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    Al-Shabab Says It Carried Out Mogadishu Attack, 3 Dead

    Police and soldiers gather at the site of a suicide blast near the compound of Somali President Sharif Sheikh Ahmed, Mogadishu, March 14, 2012.
    Police and soldiers gather at the site of a suicide blast near the compound of Somali President Sharif Sheikh Ahmed, Mogadishu, March 14, 2012.

    The Somali government says a former government worker carried out the suicide attack outside the presidential palace in Mogadishu that killed the bomber and two others.

    Government spokesman Abdirahman Omar Osman said Wednesday that the attacker once worked at the presidential palace.

    Former colleagues say the bomber, identified as Omar Mohamed Dhiblawe, had worked as head of the Religious Awareness Campaign at the palace.

    Security officials said they believe Dhiblawe defected in late 2010 and joined the radical Islamist group al-Shabab.  Authorities said he was detained last year, but released a month later.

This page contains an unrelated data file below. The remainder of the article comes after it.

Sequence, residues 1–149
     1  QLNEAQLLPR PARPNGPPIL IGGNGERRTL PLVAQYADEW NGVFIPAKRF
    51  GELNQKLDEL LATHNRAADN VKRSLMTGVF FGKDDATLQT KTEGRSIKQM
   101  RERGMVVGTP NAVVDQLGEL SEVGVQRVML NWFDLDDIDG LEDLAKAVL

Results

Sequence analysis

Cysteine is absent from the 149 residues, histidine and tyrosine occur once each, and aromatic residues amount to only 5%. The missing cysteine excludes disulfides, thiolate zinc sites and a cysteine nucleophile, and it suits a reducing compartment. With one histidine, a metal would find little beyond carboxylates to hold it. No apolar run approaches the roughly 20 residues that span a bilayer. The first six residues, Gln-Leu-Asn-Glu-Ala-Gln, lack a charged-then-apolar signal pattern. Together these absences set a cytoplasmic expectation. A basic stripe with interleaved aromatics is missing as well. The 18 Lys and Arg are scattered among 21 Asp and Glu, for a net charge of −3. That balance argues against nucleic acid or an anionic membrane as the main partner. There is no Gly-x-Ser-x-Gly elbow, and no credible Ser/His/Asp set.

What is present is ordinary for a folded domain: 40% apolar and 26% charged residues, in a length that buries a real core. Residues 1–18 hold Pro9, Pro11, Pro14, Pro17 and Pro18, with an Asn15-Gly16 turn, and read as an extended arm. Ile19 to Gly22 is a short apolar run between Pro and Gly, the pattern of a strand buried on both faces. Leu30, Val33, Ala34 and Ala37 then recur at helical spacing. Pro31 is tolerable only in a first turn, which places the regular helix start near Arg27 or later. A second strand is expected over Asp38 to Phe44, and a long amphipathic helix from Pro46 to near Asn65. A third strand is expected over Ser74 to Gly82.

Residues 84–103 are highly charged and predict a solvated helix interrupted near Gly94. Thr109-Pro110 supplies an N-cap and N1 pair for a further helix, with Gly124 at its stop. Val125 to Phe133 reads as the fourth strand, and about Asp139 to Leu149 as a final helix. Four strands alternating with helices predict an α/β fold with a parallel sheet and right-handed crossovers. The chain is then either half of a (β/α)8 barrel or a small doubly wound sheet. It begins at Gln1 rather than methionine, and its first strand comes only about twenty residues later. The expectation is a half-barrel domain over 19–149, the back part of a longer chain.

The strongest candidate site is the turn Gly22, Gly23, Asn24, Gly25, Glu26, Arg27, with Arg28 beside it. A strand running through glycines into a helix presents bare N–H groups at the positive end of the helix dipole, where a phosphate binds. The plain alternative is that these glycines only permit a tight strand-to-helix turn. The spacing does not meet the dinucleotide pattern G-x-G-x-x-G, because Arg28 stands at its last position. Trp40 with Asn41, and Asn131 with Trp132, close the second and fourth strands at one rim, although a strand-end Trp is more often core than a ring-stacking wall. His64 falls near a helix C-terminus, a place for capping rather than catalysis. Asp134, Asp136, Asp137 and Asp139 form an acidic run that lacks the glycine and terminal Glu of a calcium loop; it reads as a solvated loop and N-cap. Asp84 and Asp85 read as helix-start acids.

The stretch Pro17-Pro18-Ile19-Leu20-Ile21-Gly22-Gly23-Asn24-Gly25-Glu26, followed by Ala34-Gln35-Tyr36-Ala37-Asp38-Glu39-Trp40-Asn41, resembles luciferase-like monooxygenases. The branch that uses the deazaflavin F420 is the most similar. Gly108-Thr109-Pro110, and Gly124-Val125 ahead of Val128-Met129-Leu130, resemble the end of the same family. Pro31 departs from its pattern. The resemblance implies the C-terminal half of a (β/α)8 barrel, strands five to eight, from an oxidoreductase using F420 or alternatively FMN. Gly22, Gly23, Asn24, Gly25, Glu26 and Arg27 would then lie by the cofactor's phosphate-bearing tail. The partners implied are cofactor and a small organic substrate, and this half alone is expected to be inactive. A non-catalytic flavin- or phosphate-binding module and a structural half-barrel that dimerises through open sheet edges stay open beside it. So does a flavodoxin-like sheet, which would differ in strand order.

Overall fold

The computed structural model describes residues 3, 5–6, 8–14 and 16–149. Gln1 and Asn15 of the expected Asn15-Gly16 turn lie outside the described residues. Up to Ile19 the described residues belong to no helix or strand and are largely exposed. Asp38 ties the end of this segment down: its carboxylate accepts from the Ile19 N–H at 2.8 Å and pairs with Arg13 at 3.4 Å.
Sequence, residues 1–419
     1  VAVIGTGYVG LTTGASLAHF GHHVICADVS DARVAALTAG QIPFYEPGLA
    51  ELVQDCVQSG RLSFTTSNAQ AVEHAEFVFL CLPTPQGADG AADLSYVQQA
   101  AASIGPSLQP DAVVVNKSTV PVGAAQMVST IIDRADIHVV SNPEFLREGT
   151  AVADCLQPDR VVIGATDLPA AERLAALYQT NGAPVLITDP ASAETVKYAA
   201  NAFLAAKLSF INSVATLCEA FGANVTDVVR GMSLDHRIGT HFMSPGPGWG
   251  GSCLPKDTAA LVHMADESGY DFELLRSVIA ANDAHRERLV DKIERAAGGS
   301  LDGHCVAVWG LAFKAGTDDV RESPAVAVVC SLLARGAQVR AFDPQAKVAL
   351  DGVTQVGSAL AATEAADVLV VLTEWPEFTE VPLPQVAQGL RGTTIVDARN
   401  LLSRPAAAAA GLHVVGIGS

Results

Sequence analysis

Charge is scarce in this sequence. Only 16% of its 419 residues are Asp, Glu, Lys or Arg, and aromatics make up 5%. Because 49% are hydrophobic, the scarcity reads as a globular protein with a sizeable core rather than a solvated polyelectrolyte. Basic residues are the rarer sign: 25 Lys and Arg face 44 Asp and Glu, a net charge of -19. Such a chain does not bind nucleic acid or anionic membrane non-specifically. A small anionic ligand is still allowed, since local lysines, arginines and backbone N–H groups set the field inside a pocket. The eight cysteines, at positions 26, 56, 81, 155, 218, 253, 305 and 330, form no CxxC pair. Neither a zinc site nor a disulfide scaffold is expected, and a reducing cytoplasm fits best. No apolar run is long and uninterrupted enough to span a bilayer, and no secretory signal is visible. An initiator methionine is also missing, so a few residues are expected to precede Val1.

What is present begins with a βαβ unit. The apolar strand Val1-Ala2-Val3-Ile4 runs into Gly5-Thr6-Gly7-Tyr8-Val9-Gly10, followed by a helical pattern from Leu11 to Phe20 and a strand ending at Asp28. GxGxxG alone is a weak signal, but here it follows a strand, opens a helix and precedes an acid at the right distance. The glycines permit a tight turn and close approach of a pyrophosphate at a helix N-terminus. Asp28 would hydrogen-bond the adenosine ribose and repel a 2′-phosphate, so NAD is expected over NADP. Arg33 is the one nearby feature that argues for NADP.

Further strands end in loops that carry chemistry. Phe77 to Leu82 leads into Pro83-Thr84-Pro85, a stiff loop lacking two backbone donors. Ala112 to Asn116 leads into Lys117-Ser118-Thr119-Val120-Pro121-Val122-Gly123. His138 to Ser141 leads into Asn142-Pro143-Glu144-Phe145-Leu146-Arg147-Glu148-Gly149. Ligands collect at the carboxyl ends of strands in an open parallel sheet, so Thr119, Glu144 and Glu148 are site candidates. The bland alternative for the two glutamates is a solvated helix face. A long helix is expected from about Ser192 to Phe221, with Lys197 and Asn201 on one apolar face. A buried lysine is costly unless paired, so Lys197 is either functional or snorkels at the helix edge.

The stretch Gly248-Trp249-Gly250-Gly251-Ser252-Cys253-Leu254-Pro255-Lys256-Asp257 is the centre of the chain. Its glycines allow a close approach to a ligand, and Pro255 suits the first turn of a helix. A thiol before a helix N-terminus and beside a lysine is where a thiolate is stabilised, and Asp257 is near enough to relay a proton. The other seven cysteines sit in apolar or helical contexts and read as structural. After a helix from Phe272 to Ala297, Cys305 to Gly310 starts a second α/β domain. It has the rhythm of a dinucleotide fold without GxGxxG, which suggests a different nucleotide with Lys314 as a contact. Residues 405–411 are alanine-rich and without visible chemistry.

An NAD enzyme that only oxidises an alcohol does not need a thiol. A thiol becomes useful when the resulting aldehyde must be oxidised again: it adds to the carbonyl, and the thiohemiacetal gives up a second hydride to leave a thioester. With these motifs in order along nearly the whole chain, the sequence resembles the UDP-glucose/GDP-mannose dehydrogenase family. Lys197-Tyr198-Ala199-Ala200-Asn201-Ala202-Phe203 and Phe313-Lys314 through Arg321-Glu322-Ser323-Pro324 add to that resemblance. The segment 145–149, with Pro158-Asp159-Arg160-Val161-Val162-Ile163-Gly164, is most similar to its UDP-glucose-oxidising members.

The al-Qaida-allied group has claimed it was behind Wednesday's attack near the palace.

    In an interview with VOA, Dhiblawe's wife denied her husband was an al-Shabab member and claimed he instead worked at a sesame oil factory in Mogadishu.

    The United Nations-backed government pushed al-Shabab out of Mogadishu last year, but the group has vowed to continue the attacks.

    Al-Shabab continues to control parts of southern and central Somalia.

    The group has been fighting to overthrow Somalia's fragile transitional government and impose a strict form of Islamic law through the Horn of Africa country.

    Somalia has not had a stable central government since 1991.

    The country is also recovering from a severe drought and famine that displaced hundreds of thousands of Somalis.

    Some information for this report was provided by AP and Reuters.

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